Government in undue rush to change terrorism laws

By Tumamao Harawira

Opponents of the government's attempts to expedite counter-terrorism legislation say minorities, in particular Māori, will be unduly impacted. That's the view of Greens MP Golriz Ghahraman, who is also on the Justice select committee.

"You can't prove that police aren't going after Pākehā for doing things that minorities like Māori and Pacific do. But that's what we've seen happen with counter-terrorism laws."

New counter-terrorism legislation has passed its second reading in Parliament, with both National and Labour supporting the bill. The Māori Party, the Greens, and ACT voted against the bill, saying the bill needs more time for MPs to properly discuss the ramifications of the bill on minorities.

"The aim of this bill is something that we all agree with, which is, that we need to address the rise of radicalisation and violent terror in some way in our laws, and that's been inadequate thus far."

The government is seeking to amend the Terrorism Suppression Act 2002, the Search and Surveillance Act 2012, and the Terrorism Suppression (Control Orders) Act 2019 by implementing a single broad policy to better prevent and respond to terrorism and associated activities by ensuring designation, offence, and control order provisions apply effectively to conduct that is, or that creates, an unacceptable risk of terrorism and associated activities.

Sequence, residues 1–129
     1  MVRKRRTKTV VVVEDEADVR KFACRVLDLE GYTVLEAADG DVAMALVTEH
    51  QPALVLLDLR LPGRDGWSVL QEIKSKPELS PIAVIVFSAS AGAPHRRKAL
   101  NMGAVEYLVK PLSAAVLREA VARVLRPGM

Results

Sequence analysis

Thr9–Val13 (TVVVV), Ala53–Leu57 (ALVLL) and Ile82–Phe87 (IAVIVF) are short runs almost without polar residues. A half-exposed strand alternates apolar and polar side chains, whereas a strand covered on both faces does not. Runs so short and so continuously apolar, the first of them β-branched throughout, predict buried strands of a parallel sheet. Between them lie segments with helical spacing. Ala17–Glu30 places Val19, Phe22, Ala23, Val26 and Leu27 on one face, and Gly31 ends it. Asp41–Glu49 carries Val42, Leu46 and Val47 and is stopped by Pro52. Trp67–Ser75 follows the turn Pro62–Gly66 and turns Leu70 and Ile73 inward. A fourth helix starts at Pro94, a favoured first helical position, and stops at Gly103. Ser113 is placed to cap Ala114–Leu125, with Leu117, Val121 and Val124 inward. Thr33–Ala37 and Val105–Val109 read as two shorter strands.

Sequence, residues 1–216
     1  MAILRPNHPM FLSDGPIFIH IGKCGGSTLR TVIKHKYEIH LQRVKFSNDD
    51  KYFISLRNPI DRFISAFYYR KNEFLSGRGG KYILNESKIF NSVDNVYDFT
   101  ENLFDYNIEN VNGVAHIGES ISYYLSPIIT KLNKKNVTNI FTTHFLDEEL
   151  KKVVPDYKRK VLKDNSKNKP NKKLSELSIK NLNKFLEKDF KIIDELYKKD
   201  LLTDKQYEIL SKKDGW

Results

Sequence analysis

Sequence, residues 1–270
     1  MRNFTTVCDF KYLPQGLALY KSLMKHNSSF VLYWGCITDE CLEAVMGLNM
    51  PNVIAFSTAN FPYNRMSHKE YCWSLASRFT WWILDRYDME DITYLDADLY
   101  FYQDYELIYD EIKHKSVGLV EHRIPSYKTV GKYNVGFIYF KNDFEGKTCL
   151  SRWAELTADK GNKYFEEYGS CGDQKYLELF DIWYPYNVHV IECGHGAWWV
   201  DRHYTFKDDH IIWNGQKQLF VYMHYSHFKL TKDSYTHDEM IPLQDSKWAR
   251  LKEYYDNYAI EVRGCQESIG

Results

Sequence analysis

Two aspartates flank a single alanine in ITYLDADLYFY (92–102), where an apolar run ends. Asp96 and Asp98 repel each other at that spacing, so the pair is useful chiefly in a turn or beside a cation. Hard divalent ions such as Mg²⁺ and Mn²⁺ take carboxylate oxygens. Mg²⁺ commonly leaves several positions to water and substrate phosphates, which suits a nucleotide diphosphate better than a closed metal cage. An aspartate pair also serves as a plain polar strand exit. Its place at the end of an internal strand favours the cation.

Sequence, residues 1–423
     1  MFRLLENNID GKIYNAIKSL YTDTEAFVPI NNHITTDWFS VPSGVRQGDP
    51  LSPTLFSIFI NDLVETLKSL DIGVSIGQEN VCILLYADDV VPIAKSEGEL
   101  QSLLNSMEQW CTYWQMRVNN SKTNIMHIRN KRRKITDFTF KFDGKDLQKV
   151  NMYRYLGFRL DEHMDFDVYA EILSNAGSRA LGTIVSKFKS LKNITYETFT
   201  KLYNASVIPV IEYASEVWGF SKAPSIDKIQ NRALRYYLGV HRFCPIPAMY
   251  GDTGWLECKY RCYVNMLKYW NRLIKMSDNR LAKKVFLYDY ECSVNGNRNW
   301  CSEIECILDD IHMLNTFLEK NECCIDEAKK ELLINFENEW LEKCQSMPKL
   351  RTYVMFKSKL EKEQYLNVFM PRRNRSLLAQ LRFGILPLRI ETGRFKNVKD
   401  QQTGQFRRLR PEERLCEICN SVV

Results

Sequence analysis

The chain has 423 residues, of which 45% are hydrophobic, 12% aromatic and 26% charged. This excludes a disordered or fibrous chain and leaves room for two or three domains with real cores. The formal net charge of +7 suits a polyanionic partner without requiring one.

The timeline to pass the bill has been rushed through following the attack of seven people at the Countdown supermarket at LynnMall in West Auckland.

'Too vague'

Crown prosecutors last year attempted to charge the offender, Isis follower Ahamed Aathill Mohamed Samsudeen, with planning a terrorist attack for the purchase of a knife – under the section 25 planning and preparation provisions of the current law.

But the judge rejected the bid saying the law as it was invited conjecture about the nature of the attack being planned. The judge said equating planning a terrorist act with carrying out an act would have given both acts the same maximum penalty – life.

Ghahraman says, "What I think is really concerning about the bill that the government has put up is that it's too broad, it's too vague and it leaves minorities and in particular Māori really vulnerable to the institutions that it is giving this power to."

"We heard from the NZ Law Society, we heard from the Human Rights Commission, from Amnesty International. These are not radical institutions."

But  Justice Minister Kris Fa'afoi  says in developing this legislation, the government has been careful to consider that any new or expanded offences would not apply disproportionately to Māori.

"All offences have to be linked to an intention to carry out a terrorist act and will need to link to relevant motivation, the intention to impact others by causing serious harmful outcomes. Lawful protest will not be captured in that definition."

Fa'afoi says a further safeguard is that any prosecution would have to be approved by the attorney-general.